Dean smiled, bright and feral.

Sam watched his brother go to work. Duchess was right about one thing: Dean was a dangerous man.

And maybe Sam wasn't lost and crazy anymore.

"Dude," Dean murmured softly. "I'm...I'm sorry."

Sam froze. Sorry? He still couldn't think straight. His body felt like it was shrinking, going from big to little, then back to big again, but Sam supposed the longer he stayed real, the better he would feel.

He was almost certain of that, until Dean said he was sorry. Was Dean going to say, "I'm sorry, I'm gonna have to leave you here after all"? Or, "I'm sorry, but you're really not my brother. My mistake."

Sam heard himself say, "Sorry for what?"

Dean shrugged as he closed the Impala's trunk and walked to the driver's side. He looked young all of a sudden, young and uncertain. Dean seemed nervous, and Sam didn't know why.

Smoke poured out of the windows of Foster's Home for Imaginary Friends. Sam looked at the solid sheet of bright flame that licked at the front door frame, and he couldn't remember if he'd walked out on his own. He must have, though.

Sam wanted to get gone. He walked over to the passenger side and fumbled with the door lock.

Let me in. Take me with you. Please…

Dean slid behind the driver's side just as Sam finally opened the door and settled onto the bench seat. "I'm sorry I didn't find you before now."

The Impala came to life with a welcome rumble (Glad to have you back, kiddo).

"We're gonna head for Bobby's. Hole up there for a while." Dean pulled away from the curb. He glanced in the rear view mirror. There was no other traffic on the road right now, but Sam didn't understand why Dean frowned a little.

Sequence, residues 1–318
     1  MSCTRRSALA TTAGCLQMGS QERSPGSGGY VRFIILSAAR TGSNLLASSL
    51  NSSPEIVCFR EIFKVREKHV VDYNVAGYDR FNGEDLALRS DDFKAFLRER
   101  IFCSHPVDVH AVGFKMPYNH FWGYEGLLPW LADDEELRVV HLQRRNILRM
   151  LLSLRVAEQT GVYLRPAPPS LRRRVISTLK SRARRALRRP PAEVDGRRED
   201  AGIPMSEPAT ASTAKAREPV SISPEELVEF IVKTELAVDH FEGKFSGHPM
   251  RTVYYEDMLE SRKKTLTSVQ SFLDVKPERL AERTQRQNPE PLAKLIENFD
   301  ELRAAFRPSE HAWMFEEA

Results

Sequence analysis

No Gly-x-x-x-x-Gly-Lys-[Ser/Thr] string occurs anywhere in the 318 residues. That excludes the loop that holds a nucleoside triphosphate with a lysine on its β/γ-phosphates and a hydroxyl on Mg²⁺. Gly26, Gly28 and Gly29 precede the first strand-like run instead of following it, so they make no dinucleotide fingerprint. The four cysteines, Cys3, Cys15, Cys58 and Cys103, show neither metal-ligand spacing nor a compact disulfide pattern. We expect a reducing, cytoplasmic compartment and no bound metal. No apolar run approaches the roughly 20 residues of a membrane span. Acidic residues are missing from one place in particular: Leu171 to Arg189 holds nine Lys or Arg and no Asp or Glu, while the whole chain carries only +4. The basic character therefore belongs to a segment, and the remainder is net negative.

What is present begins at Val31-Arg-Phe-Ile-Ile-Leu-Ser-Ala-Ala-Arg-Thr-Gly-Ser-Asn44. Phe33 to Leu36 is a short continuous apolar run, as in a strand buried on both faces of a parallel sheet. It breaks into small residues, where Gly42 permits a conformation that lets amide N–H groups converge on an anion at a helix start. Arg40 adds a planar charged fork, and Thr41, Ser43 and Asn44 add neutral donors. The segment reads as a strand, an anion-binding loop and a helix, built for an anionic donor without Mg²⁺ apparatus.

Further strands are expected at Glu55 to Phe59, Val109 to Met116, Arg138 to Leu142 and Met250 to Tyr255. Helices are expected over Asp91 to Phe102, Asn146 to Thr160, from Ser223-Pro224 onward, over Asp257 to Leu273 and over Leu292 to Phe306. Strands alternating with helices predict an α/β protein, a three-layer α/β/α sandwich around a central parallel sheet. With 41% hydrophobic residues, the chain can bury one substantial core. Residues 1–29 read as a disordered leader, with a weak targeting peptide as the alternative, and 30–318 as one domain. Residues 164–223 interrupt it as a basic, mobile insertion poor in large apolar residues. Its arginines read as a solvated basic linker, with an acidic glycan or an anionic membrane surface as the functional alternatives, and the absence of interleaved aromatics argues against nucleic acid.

Dean tightened his grip on the steering wheel. "I just…I thought you ditched me. That's all."

"Why would I do that?"

Dean rolled his eyes. "This life, remember? You told me back in Chicago I'd have to let you go your own way, once everything was over. It's not over. Demon's still out there. So's Dad. You were pretty pissed at me when I said we had to split up from Dad." Dean shrugged. "I dunno. I thought maybe you decided to bail on me early."

Sam shook his head. "Nope. You're stuck with me."

The look Dean gave him was slightly puzzled, but then he nodded to himself. The corners of his mouth turned upwards slightly, and his eyes softened. "Okay."

Sam decided he liked that expression just as much as the one Dean wore when he split Mr. Herriman's head open with the ax.

The sunlight on his face warmed his skin. Sam listened to his heart beat, slow and steady. He watched the real world outside the windshield.

It was real out here.

Dean was real.

And so was he.